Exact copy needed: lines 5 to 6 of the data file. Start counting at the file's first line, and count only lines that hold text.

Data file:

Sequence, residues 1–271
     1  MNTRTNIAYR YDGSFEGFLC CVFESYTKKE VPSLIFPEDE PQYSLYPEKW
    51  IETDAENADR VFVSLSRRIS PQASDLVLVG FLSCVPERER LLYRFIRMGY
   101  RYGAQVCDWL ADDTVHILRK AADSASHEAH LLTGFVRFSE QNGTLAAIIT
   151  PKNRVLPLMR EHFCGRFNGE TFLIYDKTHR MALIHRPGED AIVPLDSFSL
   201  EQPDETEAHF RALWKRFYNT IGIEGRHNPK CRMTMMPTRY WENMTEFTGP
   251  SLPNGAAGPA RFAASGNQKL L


   151  PKNRVLPLMR EHFCGRFNGE TFLIYDKTHR MALIHRPGED AIVPLDSFSL
   201  EQPDETEAHF RALWKRFYNT IGIEGRHNPK CRMTMMPTRY WENMTEFTGP